May 22, 2013

Suspect in Spokane ricin letters indicted

 

A suspect was indicted Wednesday by a federal grand jury in connection with the two ricin-laced letters sent by mail, one of which contained threats against U.S. District Judge Fred Van Sickle.

Matthew R. Buquet, 38, whose apartment was searched Saturday by federal agents, made a preliminary appearance this afternoon in U.S. District Court in Spokane after being indicted on one count of mailing threatening communication. He faces up to 10 years in prison and a $250,000 fine if convicted.

The suspect describes himself as a native of Bogota, Colombia, on a social media.

U.S. Magistrate Judge Cynthia Imbrogno entered a preliminary plea of not guilty on Buquet’s behalf and ordered a bail hearing for Tuesday afternoon. Imbrogno ordered a bail report prior to the hearing.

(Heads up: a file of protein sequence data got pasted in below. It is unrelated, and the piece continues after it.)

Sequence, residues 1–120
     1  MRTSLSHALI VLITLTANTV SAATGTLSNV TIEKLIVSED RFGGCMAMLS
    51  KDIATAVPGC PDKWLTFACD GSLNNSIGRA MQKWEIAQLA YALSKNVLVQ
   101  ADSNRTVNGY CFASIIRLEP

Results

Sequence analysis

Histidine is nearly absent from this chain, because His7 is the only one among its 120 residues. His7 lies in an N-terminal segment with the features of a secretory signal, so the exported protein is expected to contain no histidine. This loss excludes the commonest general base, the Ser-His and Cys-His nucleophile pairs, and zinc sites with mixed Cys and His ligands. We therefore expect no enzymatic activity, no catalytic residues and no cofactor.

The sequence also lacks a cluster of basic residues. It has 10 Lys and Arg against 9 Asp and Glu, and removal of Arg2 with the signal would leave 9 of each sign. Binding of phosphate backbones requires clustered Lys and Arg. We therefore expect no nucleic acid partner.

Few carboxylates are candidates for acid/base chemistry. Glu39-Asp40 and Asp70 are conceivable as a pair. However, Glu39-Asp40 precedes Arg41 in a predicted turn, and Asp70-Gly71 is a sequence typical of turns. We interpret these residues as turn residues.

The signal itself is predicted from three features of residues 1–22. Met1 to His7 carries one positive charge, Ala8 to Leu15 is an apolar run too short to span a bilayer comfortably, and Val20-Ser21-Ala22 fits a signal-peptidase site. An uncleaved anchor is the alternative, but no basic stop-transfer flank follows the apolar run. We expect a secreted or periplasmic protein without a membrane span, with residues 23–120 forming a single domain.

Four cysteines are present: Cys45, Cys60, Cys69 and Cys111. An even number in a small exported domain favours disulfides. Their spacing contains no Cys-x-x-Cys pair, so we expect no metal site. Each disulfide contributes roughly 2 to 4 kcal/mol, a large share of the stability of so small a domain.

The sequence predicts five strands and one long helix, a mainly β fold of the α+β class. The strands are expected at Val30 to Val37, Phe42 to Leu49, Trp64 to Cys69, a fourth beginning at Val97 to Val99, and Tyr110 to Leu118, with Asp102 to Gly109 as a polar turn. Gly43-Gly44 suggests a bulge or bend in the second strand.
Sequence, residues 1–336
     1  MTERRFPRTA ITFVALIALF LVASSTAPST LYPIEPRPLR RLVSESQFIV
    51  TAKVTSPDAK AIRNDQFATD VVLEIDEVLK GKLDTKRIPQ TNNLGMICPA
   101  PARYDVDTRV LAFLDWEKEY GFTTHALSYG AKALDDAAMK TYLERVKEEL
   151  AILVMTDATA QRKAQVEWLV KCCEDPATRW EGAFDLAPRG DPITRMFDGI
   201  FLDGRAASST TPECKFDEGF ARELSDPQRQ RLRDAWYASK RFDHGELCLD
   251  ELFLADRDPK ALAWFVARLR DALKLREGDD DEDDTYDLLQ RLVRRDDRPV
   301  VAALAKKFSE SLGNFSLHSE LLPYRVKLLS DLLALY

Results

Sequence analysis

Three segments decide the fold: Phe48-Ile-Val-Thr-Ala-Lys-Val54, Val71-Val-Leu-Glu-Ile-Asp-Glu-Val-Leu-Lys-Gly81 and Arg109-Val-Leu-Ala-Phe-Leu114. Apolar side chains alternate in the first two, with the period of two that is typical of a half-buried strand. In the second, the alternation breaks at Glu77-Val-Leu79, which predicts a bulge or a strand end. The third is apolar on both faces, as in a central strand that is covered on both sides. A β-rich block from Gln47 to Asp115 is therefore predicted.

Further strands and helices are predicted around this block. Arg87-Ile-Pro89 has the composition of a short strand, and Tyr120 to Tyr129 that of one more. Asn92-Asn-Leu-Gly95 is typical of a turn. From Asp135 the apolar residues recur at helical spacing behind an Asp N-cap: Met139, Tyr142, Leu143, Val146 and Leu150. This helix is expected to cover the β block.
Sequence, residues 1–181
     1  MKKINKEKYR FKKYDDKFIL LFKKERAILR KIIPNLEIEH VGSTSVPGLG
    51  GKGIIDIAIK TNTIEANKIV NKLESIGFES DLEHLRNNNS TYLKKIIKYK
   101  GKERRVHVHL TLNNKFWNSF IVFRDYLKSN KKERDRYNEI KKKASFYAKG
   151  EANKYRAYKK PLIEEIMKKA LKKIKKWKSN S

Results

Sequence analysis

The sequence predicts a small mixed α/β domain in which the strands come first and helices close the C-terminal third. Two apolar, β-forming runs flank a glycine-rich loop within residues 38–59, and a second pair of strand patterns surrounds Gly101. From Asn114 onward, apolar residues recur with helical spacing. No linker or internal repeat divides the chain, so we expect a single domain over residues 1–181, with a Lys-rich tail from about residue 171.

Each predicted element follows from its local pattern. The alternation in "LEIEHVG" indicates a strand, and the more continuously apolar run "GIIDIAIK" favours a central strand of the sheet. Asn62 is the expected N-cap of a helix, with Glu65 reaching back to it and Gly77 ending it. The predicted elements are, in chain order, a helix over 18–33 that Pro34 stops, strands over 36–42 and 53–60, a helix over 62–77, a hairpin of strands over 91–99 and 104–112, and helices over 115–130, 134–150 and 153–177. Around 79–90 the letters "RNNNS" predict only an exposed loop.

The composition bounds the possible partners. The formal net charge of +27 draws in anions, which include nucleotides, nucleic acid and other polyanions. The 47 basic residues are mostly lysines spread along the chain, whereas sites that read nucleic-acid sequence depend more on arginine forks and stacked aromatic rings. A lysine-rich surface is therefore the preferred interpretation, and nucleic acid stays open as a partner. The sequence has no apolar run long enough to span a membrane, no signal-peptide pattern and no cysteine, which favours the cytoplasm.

Imbrogno asked if there were any illnesses or problems that would prevent the defendant from answering her questions.

Attorney Bob Fischer of the federal defender’s service told the judge that he had recently taken medication, but he did not indicate the type of medication.

Buquet then answered the magistrate’s questions.

Last weekend, federal agents searched a Browne’s Addition apartment as part of the probe.

The FBI, the U.S. Postal Inspection Service and Spokane police took part in the operation. Some agents wore hazardous materials gear to protect against possible contamination from ricin, a deadly poison.

Two letters were seized last week during routine screening at a postal processing facility in Spokane, according to the postal service.

The postal service said a preliminary test of the letters indicated that they held ricin.

Federal law enforcement authorities have provided no other details.

Ricin is a deadly poison made from the bean of the castor oil plant.

The U.S. Postal Service told postal worker union members last week that they had no reason to believe any employees were at risk from handling the suspect letters as they passed through the mail stream in Spokane.

The postal service said preliminary tests on the letters showed the presence of ricin, but the substance was in a form that could not easily be inhaled or ingested.

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